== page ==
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History, Herds at Home at Former Estate of Western Film Star William S. Hart


On a hill above the intersection of Newhall Avenue and San Fernando Road in Newhall, there's a fine old home--a designated historical monument, actually--that looks like what it is, namely the country estate of famous western movie star William S. Hart.

What isn't so obvious to passing drivers is that it is also home to a herd of buffalo (American bison, to purists) as well as a collection of donkeys, sheep, geese, ducks, cows, pigs and horses.

This is no secret to 25,000 youths who visit the place by school bus every year or come with their parents on weekends.

Another attraction is the absence of "Don't Feed the Animals" signs where the domesticated creatures are kept. Rather, kids get to buy special food at the museum's store and feed these animals (except the bison) until they're stuffed, according to Nancy McDonald, tour manager. (She says kids learn quickly that the animals "are really responsive to the sound of a crackling paper bag.")

Such goings-on also are well-known to hundreds of Santa Clarita elementary school kids who have seen Hart Park's "movable museum." It's more of a traveling theatrical show than a museum. The presenter, Cheryl Jones, sometimes dons Annie Oakley-style garb for the hands-on demonstration of frontier gizmos like lariats, gold pans and Native American crafts.

The program is particularly appropriate for California third-graders, who study Native American history and culture. When invited to put on her presentation for these kids, she takes along a rich selection of objects from the Los Angeles County Museum of Natural History so kids can learn, hands-on, about life in the area 300 years ago.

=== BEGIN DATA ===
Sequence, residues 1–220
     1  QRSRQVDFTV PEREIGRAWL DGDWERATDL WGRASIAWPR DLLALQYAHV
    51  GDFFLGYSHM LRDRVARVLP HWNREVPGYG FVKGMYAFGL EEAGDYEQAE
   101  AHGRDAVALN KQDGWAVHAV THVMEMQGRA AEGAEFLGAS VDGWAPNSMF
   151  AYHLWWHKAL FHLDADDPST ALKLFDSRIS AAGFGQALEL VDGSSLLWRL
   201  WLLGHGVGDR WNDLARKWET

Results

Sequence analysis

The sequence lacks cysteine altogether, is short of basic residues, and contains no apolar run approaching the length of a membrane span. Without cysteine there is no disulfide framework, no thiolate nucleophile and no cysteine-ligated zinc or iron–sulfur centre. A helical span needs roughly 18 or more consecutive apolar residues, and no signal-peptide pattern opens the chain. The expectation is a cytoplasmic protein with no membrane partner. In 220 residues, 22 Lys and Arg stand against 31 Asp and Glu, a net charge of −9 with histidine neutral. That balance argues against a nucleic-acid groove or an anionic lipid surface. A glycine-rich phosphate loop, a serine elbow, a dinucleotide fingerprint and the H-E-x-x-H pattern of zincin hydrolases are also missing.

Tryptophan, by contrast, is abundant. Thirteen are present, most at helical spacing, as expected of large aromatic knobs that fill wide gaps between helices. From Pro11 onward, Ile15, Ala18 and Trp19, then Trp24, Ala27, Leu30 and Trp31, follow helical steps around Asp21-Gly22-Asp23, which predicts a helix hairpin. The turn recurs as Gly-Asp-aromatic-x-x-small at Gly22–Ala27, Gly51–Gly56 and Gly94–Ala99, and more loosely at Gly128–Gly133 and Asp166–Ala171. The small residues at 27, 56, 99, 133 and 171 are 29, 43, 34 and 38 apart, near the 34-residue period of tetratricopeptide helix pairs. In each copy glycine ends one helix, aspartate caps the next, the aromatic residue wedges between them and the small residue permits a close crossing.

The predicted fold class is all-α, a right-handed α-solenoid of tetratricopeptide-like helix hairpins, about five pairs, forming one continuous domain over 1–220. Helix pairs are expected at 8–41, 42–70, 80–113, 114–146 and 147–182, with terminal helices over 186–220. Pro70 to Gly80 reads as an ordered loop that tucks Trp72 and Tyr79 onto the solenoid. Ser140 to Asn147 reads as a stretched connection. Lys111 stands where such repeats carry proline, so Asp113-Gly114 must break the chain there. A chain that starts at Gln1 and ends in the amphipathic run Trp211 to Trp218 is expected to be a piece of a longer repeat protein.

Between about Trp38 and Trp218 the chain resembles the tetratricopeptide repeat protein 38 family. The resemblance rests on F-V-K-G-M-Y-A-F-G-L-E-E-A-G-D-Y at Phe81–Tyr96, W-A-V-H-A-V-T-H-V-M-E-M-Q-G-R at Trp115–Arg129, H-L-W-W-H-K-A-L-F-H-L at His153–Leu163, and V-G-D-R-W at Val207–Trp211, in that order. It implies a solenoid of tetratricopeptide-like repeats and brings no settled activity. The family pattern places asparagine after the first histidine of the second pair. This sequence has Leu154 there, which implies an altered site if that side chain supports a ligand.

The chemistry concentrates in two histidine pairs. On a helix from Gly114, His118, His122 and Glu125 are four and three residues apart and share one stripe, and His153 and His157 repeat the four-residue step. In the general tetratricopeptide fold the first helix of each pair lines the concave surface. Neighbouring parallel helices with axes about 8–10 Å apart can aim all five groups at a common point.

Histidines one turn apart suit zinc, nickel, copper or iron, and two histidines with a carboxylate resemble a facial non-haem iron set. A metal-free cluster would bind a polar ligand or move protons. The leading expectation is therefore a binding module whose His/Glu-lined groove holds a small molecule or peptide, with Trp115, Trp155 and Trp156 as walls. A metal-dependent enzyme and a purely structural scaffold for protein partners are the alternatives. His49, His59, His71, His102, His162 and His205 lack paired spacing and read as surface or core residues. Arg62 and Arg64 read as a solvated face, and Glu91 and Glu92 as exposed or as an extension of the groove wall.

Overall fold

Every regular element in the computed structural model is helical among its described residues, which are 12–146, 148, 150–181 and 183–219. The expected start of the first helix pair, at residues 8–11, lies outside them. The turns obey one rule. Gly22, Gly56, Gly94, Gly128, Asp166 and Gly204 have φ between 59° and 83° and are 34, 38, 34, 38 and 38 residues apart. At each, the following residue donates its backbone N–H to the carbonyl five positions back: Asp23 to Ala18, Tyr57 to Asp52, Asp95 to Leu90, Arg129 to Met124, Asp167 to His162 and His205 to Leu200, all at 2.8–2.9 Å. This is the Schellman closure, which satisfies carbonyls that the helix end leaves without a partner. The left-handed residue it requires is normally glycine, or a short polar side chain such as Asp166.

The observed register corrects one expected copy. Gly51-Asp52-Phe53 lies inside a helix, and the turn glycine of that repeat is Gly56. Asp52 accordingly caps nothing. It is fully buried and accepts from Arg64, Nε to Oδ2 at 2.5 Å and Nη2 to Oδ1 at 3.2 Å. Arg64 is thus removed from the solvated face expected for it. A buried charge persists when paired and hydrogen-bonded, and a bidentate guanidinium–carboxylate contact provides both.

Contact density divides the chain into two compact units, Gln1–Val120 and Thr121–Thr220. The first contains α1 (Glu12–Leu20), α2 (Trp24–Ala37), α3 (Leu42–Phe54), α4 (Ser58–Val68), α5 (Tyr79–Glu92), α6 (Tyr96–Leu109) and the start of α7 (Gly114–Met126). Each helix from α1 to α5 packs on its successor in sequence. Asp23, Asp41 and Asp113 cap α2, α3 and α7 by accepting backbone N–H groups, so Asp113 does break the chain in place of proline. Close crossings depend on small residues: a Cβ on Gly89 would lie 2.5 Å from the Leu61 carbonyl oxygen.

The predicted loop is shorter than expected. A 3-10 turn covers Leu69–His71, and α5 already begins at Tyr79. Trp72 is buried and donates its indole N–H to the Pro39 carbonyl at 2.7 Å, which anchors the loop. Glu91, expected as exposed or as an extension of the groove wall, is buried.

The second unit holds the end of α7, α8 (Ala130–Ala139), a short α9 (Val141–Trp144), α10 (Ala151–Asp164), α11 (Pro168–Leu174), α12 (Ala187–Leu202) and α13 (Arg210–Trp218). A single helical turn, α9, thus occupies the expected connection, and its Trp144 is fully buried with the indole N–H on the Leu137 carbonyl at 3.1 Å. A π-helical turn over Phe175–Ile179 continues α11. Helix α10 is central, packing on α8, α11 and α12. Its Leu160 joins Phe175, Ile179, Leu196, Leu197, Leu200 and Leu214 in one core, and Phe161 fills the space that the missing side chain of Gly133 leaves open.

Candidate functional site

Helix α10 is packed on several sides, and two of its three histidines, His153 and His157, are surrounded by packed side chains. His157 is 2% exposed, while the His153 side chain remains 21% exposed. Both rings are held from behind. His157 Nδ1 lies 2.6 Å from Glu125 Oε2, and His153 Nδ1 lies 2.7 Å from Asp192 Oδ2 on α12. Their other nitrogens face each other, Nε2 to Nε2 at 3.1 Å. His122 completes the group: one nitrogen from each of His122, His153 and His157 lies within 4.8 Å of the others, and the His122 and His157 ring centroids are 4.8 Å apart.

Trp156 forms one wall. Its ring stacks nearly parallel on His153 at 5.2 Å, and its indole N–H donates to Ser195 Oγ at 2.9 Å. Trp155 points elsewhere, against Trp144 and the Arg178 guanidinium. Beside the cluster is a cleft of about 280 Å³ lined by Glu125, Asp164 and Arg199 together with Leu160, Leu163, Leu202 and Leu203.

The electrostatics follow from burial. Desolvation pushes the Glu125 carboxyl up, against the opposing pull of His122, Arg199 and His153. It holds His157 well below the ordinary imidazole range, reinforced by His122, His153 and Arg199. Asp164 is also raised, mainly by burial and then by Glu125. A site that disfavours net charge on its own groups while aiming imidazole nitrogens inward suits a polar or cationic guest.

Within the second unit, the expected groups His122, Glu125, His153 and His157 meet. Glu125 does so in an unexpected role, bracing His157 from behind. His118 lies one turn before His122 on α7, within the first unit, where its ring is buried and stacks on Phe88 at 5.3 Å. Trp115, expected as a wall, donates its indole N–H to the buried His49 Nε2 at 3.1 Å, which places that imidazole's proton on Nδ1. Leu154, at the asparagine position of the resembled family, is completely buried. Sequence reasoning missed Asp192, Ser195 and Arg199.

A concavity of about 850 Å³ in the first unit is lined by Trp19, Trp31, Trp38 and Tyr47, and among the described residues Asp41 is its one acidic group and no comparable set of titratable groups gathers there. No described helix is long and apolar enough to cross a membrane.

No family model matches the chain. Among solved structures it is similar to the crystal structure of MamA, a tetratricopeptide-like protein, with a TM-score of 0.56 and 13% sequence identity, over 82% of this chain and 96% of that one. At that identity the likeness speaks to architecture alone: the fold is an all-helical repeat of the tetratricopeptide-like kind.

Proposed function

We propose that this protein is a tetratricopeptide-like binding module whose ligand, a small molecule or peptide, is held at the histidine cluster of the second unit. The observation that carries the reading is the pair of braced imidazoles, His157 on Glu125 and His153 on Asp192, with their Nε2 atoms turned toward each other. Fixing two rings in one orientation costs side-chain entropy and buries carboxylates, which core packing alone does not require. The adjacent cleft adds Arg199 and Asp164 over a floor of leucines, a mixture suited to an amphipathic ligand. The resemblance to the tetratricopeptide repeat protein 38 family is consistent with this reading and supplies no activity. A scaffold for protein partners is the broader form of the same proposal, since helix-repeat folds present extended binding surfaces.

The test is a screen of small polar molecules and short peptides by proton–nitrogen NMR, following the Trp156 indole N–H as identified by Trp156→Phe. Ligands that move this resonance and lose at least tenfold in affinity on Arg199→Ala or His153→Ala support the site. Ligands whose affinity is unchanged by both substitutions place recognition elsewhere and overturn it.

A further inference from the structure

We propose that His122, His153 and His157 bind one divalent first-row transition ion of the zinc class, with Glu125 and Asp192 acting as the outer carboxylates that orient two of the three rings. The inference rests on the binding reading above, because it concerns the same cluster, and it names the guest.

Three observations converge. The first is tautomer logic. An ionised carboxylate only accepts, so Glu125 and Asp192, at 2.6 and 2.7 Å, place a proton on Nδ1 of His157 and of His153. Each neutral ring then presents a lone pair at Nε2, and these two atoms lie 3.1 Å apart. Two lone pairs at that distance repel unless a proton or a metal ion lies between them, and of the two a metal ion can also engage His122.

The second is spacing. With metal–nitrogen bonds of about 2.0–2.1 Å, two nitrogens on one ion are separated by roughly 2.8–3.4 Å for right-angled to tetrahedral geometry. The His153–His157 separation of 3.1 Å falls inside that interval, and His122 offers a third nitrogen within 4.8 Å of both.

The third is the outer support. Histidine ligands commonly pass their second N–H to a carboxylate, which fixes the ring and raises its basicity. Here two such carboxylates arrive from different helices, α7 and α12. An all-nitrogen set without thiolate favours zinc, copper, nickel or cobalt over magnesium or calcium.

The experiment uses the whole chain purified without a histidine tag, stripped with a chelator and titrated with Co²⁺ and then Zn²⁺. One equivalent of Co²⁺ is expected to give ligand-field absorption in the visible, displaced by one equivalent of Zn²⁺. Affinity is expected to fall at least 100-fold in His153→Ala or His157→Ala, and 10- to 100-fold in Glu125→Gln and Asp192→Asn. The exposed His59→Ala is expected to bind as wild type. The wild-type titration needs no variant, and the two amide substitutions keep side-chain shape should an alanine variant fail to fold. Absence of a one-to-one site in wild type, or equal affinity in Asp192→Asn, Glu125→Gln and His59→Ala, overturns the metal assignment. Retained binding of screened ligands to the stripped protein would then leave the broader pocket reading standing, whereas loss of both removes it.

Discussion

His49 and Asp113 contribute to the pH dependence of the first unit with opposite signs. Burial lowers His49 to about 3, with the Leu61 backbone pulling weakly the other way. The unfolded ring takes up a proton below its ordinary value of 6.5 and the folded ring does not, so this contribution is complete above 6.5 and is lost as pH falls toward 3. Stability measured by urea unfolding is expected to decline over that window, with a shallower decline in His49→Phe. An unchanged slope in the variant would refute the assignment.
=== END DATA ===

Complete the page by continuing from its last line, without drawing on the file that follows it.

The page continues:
In fourth grade, the emphasis is on the era of the ranchos, the Gold Rush, and local railroad and oil development. For this, Jones uses slides from the period--a sort of time-travel experience for modern-day kids.

All this is an undertaking of the natural history museum and a local support group, Friends of Hart Park & Museum.

Sometimes, McDonald says, families visit only the part of the site--an early 1900s ranch--at the foot of the hill where the historic home is perched.

"If they walk around and up the hill on the driveway," she said, "they'll get to see a dozen or so of our bison grazing--'free-range bison' some people call them."

In the historic home itself are the authentic frontier and Native American artifacts, including weapons, that Hart collected. He left his estate and collection to L.A. County upon his death in 1946, after a career that included nearly 70 movies.

These were all silent movies, by the way--something nearly incomprehensible to modern children for whom even black-and-white flicks are an oddity. McDonald says, "What works best, especially with kindergartners to second-graders, is when I explain [silent movies] by having the kids make a sad face, a mad face and a happy face. Then they can see how you can paint a picture for people without [using] words."

Meanwhile, back at the ranch, there are periodic "character tours," where volunteers reenact life in the Hart household. Every Saturday and Sunday from 11 a.m. to 3:30 p.m., visitors can join a 30-minute docent-led exploration of the historic house on the hill.


William S. Hart Park and Museum, 24151 San Fernando Road, Newhall. Park is open sunrise to sunset. Museum is open Wed.-Fri., 10 a.m.-12:30 p.m.; Sat.-Sun., 11 a.m.-3:30 p.m. Tours every half-hour. Free. (805) 254-4584.

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